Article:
The variable resistance was produced by the help of weight releasers (7,15). The weight releasers have the potential to maximize the resistance in the ECC phase and to reduce it in the CON phase of the movement. The weight releaser is detached from the strength training bar at the end of the ECC phase of the movement, whereas the CON phase can be performed with a lower resistance. The weight releasers detach from the bar and remain at the floor after the performance. Therefore, an assistant returns the weight releasers on the bar after each repetition for consecutive repetitions.
Electromyography activity was measured during both dynamic and ISOM activities. The skin was prepared at the electrode locations by shaving and abrading with antiseptic alcohol, and skin impedance was monitored to be less than 20 kohm. Bipolar surface EMG electrodes were assigned according to the SENIAM (16) guidelines for the medial portion of the triceps brachii (TB), medial deltoid anterior (DA), and pectoralis major (PA). To measure the degree of antagonist muscle activation, an EMG signal was also obtained from the biceps brachii (BB). As the PA electrode locations have varied in previous studies, various electrode locations were tested in a pilot session to determine the most suitable place for recording. PA electrode location was determined according to Cogley et al. (5). The PA electrode was placed at a point one-third of the distance between the anterior aspect of the acromion and the xiphoid process. The determined electrode locations were marked with a small ink tattoo dot after the first visit to the laboratory for consecutive visits (9).
The EMG electrodes were connected directly to the small preamplifiers located approximately 10 cm from the recording site. The signals were led through shielded wires to the telemetric Noraxon Telemyo 2400T V2 transmitter (Noraxon U.S.A. Inc, Scottsdale, Calif.), with a bandwidth of 10-10,000 Hz and a common mode rejection ratio >100 dB. EMG signal was then captured by the Noraxon 2400R receiver from where it was transferred to the signal processing analogue to digital converter and to the actual recording unit. EMG signal was rectified and band pass filtered according to the recommendations of SENIAM (16).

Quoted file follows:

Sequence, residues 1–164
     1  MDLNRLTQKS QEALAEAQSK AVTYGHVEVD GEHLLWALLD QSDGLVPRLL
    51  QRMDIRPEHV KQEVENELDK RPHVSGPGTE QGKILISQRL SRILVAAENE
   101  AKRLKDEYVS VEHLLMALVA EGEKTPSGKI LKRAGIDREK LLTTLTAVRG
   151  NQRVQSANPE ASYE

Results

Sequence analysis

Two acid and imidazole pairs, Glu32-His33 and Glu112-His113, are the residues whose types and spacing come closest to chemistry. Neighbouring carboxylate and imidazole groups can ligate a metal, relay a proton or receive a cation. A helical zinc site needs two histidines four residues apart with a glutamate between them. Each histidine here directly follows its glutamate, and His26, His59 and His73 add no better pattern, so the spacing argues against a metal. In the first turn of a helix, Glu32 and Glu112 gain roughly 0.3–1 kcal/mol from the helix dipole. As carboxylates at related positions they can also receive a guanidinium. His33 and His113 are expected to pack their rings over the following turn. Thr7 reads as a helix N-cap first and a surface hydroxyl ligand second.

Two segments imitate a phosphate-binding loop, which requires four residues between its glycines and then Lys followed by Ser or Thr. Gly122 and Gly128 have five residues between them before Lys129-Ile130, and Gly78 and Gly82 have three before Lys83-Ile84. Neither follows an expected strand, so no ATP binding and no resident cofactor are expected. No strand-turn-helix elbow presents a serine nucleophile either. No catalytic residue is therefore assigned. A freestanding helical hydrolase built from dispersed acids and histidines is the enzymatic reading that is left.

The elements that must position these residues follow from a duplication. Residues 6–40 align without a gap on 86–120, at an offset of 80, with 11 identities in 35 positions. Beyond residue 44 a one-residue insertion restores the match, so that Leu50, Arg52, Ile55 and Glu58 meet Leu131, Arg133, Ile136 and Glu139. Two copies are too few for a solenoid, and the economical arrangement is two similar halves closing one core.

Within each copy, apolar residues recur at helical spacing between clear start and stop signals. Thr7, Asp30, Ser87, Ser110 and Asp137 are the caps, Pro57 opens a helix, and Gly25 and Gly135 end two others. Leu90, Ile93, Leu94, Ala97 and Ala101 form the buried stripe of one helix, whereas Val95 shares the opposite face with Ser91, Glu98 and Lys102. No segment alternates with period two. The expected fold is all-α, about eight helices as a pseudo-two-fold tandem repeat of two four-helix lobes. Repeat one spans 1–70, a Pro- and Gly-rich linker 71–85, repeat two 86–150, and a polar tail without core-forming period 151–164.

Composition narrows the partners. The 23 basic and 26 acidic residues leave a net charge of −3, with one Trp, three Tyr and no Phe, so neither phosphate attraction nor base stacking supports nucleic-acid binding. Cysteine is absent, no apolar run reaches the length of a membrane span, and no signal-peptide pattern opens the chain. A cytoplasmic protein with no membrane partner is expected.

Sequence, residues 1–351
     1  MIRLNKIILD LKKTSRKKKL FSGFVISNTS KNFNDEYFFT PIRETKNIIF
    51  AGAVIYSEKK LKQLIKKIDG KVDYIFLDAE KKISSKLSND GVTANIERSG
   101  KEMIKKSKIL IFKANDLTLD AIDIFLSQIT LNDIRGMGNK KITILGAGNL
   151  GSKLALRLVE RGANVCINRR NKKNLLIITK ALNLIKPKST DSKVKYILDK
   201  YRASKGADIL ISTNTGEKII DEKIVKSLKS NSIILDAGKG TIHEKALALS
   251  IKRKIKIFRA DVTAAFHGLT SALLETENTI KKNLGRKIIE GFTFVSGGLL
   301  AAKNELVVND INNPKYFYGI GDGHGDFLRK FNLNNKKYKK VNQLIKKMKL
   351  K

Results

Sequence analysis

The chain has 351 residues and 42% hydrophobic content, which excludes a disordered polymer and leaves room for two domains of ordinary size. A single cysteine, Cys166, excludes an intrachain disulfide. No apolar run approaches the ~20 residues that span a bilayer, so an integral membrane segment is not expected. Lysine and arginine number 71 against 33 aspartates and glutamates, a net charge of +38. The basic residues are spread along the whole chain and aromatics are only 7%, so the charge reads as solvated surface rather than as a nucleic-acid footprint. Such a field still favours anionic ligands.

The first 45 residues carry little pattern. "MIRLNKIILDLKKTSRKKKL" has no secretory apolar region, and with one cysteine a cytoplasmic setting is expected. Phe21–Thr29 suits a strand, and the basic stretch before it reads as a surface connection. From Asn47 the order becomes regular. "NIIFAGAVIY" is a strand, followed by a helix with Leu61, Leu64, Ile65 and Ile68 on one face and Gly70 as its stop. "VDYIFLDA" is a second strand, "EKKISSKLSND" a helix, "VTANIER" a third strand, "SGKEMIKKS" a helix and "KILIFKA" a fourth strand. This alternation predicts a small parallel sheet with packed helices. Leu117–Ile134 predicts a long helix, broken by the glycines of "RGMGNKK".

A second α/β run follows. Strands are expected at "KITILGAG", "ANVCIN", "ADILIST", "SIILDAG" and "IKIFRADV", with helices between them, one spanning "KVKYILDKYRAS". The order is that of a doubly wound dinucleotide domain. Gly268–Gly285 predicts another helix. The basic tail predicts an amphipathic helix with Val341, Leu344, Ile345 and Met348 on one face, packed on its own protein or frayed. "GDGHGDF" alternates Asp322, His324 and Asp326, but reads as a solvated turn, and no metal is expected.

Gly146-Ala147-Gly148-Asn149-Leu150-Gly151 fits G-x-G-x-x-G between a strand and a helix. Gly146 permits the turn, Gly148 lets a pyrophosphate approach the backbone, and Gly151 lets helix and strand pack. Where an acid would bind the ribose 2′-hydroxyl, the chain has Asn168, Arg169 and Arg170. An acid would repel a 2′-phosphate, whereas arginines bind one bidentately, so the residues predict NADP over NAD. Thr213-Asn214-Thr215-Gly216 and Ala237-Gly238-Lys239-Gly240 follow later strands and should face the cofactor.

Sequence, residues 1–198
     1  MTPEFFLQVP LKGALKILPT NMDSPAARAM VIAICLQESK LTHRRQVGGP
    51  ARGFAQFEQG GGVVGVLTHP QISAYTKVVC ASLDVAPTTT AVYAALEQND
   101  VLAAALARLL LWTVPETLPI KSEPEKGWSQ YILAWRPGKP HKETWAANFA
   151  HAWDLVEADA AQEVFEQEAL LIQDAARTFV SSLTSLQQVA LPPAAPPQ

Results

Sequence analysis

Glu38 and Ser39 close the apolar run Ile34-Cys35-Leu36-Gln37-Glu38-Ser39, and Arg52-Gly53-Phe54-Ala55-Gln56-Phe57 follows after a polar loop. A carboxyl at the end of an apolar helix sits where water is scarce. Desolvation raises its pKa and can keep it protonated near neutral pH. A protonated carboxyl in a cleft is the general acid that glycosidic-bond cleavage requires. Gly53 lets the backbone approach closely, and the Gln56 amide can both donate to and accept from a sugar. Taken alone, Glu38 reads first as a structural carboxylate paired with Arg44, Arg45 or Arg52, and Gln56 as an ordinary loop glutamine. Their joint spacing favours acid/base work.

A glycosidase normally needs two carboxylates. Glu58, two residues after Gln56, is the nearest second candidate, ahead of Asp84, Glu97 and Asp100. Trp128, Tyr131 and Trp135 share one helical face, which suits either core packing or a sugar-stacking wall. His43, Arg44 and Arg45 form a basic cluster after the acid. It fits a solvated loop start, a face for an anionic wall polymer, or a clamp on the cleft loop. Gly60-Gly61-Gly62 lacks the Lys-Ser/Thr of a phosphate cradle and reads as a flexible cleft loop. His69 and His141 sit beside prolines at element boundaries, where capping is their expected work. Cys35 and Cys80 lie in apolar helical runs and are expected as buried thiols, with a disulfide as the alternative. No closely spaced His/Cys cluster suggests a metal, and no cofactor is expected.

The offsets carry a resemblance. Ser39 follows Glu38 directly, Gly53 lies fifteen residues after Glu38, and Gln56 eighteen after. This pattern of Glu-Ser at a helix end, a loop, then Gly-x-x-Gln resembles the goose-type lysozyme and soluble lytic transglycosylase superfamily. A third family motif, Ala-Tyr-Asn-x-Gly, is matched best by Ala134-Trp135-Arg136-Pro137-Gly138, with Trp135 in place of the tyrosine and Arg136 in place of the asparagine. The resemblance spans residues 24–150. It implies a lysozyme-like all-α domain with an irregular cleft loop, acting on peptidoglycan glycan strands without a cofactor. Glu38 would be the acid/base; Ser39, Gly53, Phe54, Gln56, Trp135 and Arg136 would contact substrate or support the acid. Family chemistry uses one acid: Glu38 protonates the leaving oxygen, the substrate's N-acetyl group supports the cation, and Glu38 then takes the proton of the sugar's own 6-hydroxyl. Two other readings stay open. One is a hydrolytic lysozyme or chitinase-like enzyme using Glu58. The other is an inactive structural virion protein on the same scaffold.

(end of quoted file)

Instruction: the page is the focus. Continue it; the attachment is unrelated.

Joint Angle Measurement
To determine joint angle displacement and velocity, an electronic goniometer (Department of Biology of Physical Activity, Jyväskylä, Finland) was used. The goniometer was adjusted at the elbow joint, and it was connected to the computer through the signal processing analogue to digital converter. The goniometer was located such that the other shaft of it was in line with the humerus and another was in line with radius. The midflipping point of the goniometer was located on top of the lateral epicondyle of the humerus. The goniometer signal was low-pass filtered at a frequency of 20 Hz.
Bar Displacement and Velocity
Bar displacement and velocity were determined using the ultrasonographic Axon device. The Axon was located perpendicularly under the weight bar at the starting position of the movement. The recording was started from the starting point where the subject was supine laying and holding the bar with the hands with extended elbow joints.
Bench Press Technique
All the actions were performed lying supine while maintaining both legs lifted up to the 90-degree hip angle. An arched back or bouncing from the chest was not allowed. Also, the grip was controlled such that the thump was required to go around the bar (thump lock was not allowed). The subjects were instructed to choose the grip width on the bar that was wider than shoulder width. The final adjustment to the grip width was performed by the subject, and then the chosen width was marked on the bar and kept for the consecutive testing sessions. The grip width was marked on the bar by tape marks. The location of the subject's head on the bench was standardized and remained the same. A repetition started from a position where the subject held the bar on his hands with straight elbows. The bar was expected to be lowered to a vertical distance of 0.5-1.0 cm on top of the tip of a sternum (xiphoid process) at the lowest bar position.
The results were provided as group mean ± SEM. Four-factorial repeated-measures analysis of variance (ANOVA) (p ≤ 0.05) was applied to all absolute, absolute change, and percentage change of force, velocity, and EMG data for statistical significances within and between the group means. Also, a two-tailed pair wise comparisons t-test (p ≤ 0.05) was applied for significances between the control and experiment repetitions in maximum dynamic strength measurements.